Monday, July 18, 2016

German Baptists in Poland

When my maternal grandmother's parents immigrated to Canada from what is now Ukraine in 1893, they did so with many others in their German Baptist church congregation. The group settled in Leduc, just south of Edmonton, Alberta, homesteaded land, built a church, and raised their families.

Photograh taken in 1903 in front of the First Baptist Church in Fredericksheim.
My great grandfather helped build the church; courtesy of Lucille Effa Fillenberg

What exactly were German Baptists and why did they leave their farms in eastern Europe?

Though no one has been able to discover from where in Germany the Schalin family originated, they may have come from Prussia. We know that the family lived in Maliniec, which was in South Prussia, the part of Poland, Prussia partitioned in 1793. Prussia encouraged its citizens to settle in its new territory. And sometime during their lives in Maliniec, they had become German Baptist.

The religion was considered a separatist cult by Lutheran church leaders and Baptist ministers were persecuted. As I read more about the German Baptist faith, I learned its flowering in the various partitions of the country that was once Poland was down to one man: Gottfried Friedrich Alf, a school teacher.

Alf was a pious man concerned about his spiritual condition. By prayer and supplication he believed he found inner peace and forgiveness of his sins by trusting Christ. About 1853 Alf began preaching to his students about his religious experiences. This sparked a religious awakening for some parents and adults in the village.  Alf was soon consoling and praying with people almost every day. When the parish pastor heard about Alf's activities, he forbade him to continue. But Alf didn't stop. The parish pastor escalated Alf's "corrupting" actions to church authorities. The Lutheran Consistory dismissed Alf from his teaching position and banished him from his home.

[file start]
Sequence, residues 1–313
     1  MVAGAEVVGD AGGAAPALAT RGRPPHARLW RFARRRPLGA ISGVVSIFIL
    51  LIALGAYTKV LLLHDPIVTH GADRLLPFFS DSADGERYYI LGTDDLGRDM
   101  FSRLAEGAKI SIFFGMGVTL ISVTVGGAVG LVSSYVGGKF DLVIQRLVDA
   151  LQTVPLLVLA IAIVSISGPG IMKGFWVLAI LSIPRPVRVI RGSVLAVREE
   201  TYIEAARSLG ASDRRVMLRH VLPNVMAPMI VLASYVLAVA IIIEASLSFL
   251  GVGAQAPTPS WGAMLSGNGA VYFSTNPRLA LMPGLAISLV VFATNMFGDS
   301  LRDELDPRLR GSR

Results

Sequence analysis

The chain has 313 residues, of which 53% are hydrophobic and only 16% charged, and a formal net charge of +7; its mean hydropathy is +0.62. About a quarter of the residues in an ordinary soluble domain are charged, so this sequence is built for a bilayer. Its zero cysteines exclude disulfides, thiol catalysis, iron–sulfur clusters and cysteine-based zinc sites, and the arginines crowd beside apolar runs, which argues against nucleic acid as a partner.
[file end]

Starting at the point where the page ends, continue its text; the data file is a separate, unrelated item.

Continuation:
But the genie was out of the bottle, so to speak. Alf was invited by many communities to lead religious revivals. He traveled constantly and was detained and imprisoned many times. Finally, Alf decided to leave the Lutheran church.

Gottfried F. Alf (1831-1898); photograph courtesy
of Donald N. Miller's "The German Baptist Movement
in Volhynia"

A neighbor, Heinrich Assman, told Alf about Baptists he had encountered. He talked about their church organization, discipline, and holy living, as well as their beliefs about baptism by immersion. These beliefs aligned with Alf's thoughts on religion and he decided to become a Baptist.  He traveled to Hamburg in 1859 to study and was ordained there.

After returning home he continue traveling and preaching and awakening others to his new faith. He became the chief Baptist revivalist in Poland. Alf believed the German Baptist faith appealed to the consciences of people to recognize they were sinners and needed to repent and look to Christ for salvation. Only then could they be baptized.

So knowing the history of the German Baptist faith where my ancestors lived, has enabled me to draw some conclusions about the family's timeline. I believe they converted to the German Baptist faith not long before they moved to Russia (near now Tuchyn, Volyn, Ukraine) sometime between 1861 and 1863 and they likely moved for religious, as well as economic reasons.

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